Our Perception of Health

September 8, 2018

A few months ago, I attended a professional development workshop on mental health. The presenters studied and work in the field of psychology and within education and training. For me, a large foundational part of mental health is ensuring our physical health, our bodies, are taken care of, supported and nurtured. In my experience, the two go hand-in-hand.


It seems quite strange to me when I see someone who is ‘qualified’ in a physical or mental health field or who holds a position of notoriety or power, yet their body, movements and manner do not show signs of good health and vitality. It highlights there’s a greater problem stemming from our education on the topic, and what we have chosen to accept. No matter how much we ‘know’ about a subject, the body always has its own marker and gauge of whether it is working at its optimum vital level and in harmony within all other areas, or not. This fact we cannot change.


On the morning of my professional development workshop, I had quite a distance to drive in peak hour traffic, so I made sure that I gave myself enough time without rushing. I arrived 15 minutes early and was the first to arrive. I walked in, said hello to the two presenters and went to find a seat.


As I was choosing my seat, unpacking my belongings and setting them up just as I needed them to be for the next 8 hours; placing my drinks, pen, paper, books, computer down etc, one of the presenters said to me, “Whoa, that’s healthy”. Immediately I knew he was referring to my vegie drink and not my herbal tea, simply because it was green in colour.


Initially I felt a little awkward that my choice of drink which was a normal for me, had been highlighted. So at the time I smiled and replied ‘mmm’. But this comment caused me to pause and got me thinking. I pondered on why his response was a ‘whoa’. I recalled that I have come across this reaction quite a few times over the years with ‘healthy’ food and drink choices, either when I myself was making them or when others around me at work or in public were making them. 


These types of comments are reactionary to a way of eating or drinking that is not so commonly seen or practiced, thus trying to make the person, who is looking after their body and consuming nutritious food to be highlighted as being ‘different’. Immediately I questioned, what is our societal gauge being set from? If I had come in with a sausage roll and cream bun, it is likely I would have got no comment, or perhaps one that was in favour of my food choice.  


Let’s face it, making supportive food choices that nutritionally nurture the body is going against a current norm and way people commonly choose to eat in society today. We do not eat to nurture or hold our body in harmony. A fact that is shown in the continuing to rise in non-communicable illness and disease rates today, such as diabetes.


If it is not common and even considered usual for people in general to drink or eat something that is good for their bodies to a point that it stands out, and gets labelled and highlighted as ‘healthy’, then I ask . . . how far have we slipped away from what is true and natural for our bodies? I find it interesting that we even have this word ‘healthy’ and that we do not just live as our bodies need us to live. It is a clear indicator that we base our living and vocabulary around looking after ourselves from a way that is not conducive to the true vitality of our bodies.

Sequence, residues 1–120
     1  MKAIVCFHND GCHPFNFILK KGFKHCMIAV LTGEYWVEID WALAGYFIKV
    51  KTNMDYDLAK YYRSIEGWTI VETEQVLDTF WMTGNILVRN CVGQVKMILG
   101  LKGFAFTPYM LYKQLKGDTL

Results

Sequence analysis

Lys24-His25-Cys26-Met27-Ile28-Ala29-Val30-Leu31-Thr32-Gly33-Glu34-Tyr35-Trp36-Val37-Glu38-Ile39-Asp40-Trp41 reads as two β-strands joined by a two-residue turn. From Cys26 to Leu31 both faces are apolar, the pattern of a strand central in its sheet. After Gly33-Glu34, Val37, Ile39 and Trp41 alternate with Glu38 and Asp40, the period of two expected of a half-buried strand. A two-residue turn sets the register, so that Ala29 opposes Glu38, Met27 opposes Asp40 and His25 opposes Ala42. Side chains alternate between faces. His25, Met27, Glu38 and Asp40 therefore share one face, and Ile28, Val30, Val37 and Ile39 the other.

Why do we not seem to question the meals or food people are consuming that are clearly unsupportive for the body yet are very quick to identify those who make more supportive food choices. Imagine if people started speaking on behalf of the vitality of the body by public noting to other people ‘Whoa that’s really unhealthy’. I wonder if we would start to think twice about what we are putting in our bodies.


The fact is that more supportive food choices do stand out from the crowd.  And this is simply because the norm, the majority, the crowd acceptably choose food that is not supportive to the body. BUT, what if the majority did eat in a way and manner that nourished and vitalised the body, allowing it to run at optimal level?


Why do we even have a perception of what ‘healthy’ is and why is it not just imbedded into the way we live?


Our understanding, perception and definition of ‘being healthy’ today is actually only based

on and comparable to, the very unhealthy lifestyle – the way the majority of society are

choosing to live, eat, indulge in and over consume. This to me, is a type of rot when we

look at the damage and extent it does to our bodies, our perception of health, the pressure

it places on our medical system and so on. The illness and disease our bodies are increasingly showing through our health statistics speak loudly of our current global choices . . . to the point that the definition of health in our English language dictionary is stated as ‘the state of being free from illness or injury’.


Why is health not defined as, ‘the body working in its true optimal and vital order, each part working in harmony and joy with all others’?


If we all naturally lived from the latter definition as being our norm - then the word health and a definition for it probably would not exist, simply because this would just be the way it was. Caring for our bodies would be the norm.


Back to my professional development workshop, if I had the moment again to respond to the presenters comment of, ‘Whoa that’s healthy’, I probably would reply with - - ‘only relative to how we live today.’



By Johanna Smith, Bachelor of Education (Major Special Needs, Minor Psychology), Graduate Certificate of Early Childhood, Diploma of Counseling, Esoteric Complementary Health Practitioner, Woman, Teacher, Mother, Wife and Friend


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